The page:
2010 midterm elections: a call to action

The U.S. mid-terms elections are drawing near, and with them a valuable opportunity for promoting an alternative mechanism for appointing officials, as voters are made to choose between two candidates, neither of which they find very appealing. Disappointment with Obama, the man who was perceived as the alternative to a widely unpopular president, is palpable, and while approval for Republicans in Congress has recovered slightly as approval for Democrats has sunk, both parties now suffer from similarly low ratings.

I suggest taking advantage of the opportunity by creating a half-page ‘sortition manifesto’ and foisting it upon the unsuspecting members of the public as they approach the voting booths. An alternative or additional way to disseminate the manifesto – requiring some monetary expenditure but less effort – would be through a web ad placed on a search engine.

The manifesto could be written as a collaborative effort of all those who are interested in participating. The comments section here could serve as a place to express interest in taking part, and for some initial brainstorming. Work on a specific document could follow.

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24 Responses

  1. Pragmatic Constitutional Change

    Constitutional change is not politically pragmatic. This is because constitutional change is difficult by design and theoretical in nature and argument. The upside of this reality is firm legal stability. The downside is inflexibility. Tumultuous times require stability. Challenging times require flexibility.

    The supreme court, historically, through constitutional interpretation, asserts great influence defining the stability and/or flexibility of the constitution. Constitutional amendment fills gaping holes and allows emergency surgery. No serious modern attempt or discussion of profound constitutional revision has reached the popular consciousness.

    The myth of constitutional changeability is important to preserve. In extreme downside, this myth is the only thread separating peaceful resolution from revolution. The civil war was revolution. Its lesson must never be abandoned. The thin thread and myth of constitutional revision is all that separates all plan A’s from extreme plan B’s.

    It is important to discuss how profound constitutional revision might play out in the future. This reinforces the thin thread and myth currently separating revolution from resolution. Profound constitutional revision is the myth that sustains America’s bottom-line civility.

    Every 500 years the mythical Phoenix bird burns to ash only to rise from the smoke, new and reborn. Maybe constitutions are a bit like mythical Phoenix birds.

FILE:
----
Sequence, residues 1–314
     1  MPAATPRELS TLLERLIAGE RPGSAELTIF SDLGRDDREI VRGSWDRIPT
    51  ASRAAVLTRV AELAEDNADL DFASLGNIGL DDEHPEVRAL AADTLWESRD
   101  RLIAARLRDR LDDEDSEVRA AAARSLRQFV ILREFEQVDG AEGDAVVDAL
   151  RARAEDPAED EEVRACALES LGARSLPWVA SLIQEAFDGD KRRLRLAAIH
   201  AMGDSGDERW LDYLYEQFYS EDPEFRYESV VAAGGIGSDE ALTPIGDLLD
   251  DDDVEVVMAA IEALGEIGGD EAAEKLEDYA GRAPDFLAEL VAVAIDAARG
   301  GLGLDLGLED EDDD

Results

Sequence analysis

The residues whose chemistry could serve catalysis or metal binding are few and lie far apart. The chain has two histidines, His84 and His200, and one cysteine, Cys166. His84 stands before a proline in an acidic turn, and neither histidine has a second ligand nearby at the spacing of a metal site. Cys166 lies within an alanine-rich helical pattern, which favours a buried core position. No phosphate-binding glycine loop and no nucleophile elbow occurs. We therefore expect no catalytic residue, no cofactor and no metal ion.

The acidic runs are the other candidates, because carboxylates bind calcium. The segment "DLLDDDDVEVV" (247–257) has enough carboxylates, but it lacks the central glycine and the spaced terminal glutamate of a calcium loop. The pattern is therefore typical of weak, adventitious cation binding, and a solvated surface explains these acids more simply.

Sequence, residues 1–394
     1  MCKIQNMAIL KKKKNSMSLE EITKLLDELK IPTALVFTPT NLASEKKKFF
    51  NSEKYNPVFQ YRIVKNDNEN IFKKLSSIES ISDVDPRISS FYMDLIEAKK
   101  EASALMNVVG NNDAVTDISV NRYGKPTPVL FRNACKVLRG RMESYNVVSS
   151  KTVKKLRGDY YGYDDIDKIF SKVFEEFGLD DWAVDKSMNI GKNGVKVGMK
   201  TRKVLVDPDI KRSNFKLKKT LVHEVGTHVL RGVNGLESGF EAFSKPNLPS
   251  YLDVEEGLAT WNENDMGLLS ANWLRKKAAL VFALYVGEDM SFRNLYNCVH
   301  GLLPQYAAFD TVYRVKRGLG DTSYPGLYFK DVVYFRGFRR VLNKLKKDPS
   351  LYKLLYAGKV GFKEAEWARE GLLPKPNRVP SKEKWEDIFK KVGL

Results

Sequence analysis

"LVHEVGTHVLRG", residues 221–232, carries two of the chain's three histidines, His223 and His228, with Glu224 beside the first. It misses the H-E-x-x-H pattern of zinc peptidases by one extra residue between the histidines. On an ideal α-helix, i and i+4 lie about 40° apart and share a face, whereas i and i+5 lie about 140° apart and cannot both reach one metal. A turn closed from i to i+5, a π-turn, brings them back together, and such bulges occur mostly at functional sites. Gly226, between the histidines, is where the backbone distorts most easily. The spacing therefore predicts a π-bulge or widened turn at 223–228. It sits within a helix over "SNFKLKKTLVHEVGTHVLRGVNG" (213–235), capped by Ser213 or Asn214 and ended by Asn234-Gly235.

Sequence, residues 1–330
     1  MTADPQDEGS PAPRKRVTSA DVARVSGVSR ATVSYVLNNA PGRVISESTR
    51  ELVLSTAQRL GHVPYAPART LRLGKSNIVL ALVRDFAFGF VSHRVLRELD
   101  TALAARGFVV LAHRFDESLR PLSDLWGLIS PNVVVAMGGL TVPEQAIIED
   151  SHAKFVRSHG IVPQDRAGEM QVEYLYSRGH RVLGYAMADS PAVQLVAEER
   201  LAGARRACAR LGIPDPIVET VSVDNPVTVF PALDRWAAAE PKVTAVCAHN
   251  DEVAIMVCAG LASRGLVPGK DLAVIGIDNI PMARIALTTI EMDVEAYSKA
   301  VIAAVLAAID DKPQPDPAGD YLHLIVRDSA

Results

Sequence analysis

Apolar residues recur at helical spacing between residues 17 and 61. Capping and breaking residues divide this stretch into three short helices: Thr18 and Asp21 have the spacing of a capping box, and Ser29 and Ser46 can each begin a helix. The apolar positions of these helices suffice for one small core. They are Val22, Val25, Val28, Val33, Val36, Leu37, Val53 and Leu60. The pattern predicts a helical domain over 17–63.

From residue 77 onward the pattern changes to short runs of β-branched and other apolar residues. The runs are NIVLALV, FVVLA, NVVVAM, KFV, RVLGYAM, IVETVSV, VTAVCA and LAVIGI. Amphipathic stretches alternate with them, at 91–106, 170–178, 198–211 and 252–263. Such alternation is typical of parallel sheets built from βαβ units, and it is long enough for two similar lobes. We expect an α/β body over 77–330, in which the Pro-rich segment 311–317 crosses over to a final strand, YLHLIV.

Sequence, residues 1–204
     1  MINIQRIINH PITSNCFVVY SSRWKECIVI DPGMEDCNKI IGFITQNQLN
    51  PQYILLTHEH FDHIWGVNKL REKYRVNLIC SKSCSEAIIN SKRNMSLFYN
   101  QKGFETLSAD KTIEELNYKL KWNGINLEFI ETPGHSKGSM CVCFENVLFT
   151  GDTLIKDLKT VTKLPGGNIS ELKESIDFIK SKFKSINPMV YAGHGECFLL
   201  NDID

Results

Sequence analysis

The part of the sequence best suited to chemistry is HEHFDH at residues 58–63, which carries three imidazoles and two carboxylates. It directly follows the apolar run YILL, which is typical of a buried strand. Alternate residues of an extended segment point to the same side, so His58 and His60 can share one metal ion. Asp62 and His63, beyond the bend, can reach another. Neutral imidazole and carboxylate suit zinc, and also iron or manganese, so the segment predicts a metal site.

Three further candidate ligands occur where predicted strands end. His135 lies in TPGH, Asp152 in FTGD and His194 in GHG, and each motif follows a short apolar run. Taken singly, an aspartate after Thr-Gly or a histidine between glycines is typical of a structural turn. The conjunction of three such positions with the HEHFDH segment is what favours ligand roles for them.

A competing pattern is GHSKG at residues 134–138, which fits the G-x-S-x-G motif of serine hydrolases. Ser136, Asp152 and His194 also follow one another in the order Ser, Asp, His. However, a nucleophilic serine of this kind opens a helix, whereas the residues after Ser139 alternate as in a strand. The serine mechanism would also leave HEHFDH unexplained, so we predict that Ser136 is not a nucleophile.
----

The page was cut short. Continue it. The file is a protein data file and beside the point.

Citizen is coach to team democracy. Coach is responsible for success. It’s your call, coach.
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  2. Beyond the Red-Blue Paradigm

    “Laugh about it, shout about it
    When you’ve got to choose
    Ev’ry way you look at it, you lose”
    Simon and Garfunkel, 1968

    “Ev’ry way you look at it, you lose” describes the red-blue paradigm for middle America in 1968. Red-blue spells loss for middle America. Middle America’s contraction and defense started well before 1968.

    Today middle America contracts and defends from eight elephants: war, immigration, ecology, recession, foreclosure, joblessness, tax, and debt. The red-blue paradigm is useless under the trampling siege of eight elephants.

    “Ev”ry way you look at it” middle America wins with 12,000 congresspersons. The 1776 constitution was “baked” for 2.4 million white protestant farmers. Today there are 306 million diverse Americans. It’s time America “bakes” it again.

    Citizen is coach to team democracy. Coach is responsible for success. It’s your call, coach.
    http://coach-1640280.newsvine.com/
    http://constitutionm2.newsvine.com/
    http://coach-1640280.newsvine.com/_news/2010/06/04/4462088-coach-cm2-constitution

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  3. Why Sortition?

    First, what is sortitioned leadership?

    Sortition is a grass roots finding tool. It mathematically and scientifically duplicates, in smaller populations, the larger America. It does not discriminate, period. There is no gender, ethnic, economic, religious, or political discrimination. It goes a big step further. There is also no discrimination by “resume”, “education”, “intelligence”, “beauty”, or “charisma”. Sortition finds 100% grass roots America, the bottom line, the common sense, the no-holds-barred America.

    The primary mission of government is to set priorities. Priorities determine law, policy, and enforcement. Faulty priority creates failed law, bad policy, and misguided enforcement. Faulty priority leads to failure.

    The primary mission of sortitioned leadership is not law, policy, or enforcement. It is the input and maintenance of proper government priority and genuine grass-roots civilian culture and civility. Priority maintenance is no small task. Witness Massey and BP slide away from safety. Witness war on terror morph into nation building. Witness financial markets morph into casinos. Witness democracy warp to oligarchy. Priority maintenance is no small thing. Faulty priority leads to failure.

    The primary asset of sortitioned leadership is scientifically represented citizen life experience, knowledge, and values. “Resume”, “education”, “intelligence”, and “beauty” are “weighed in” only at existing population levels. Priority is determined by life experience, belief, and values. Priority maintenance is the specialty of sortitioned leadership.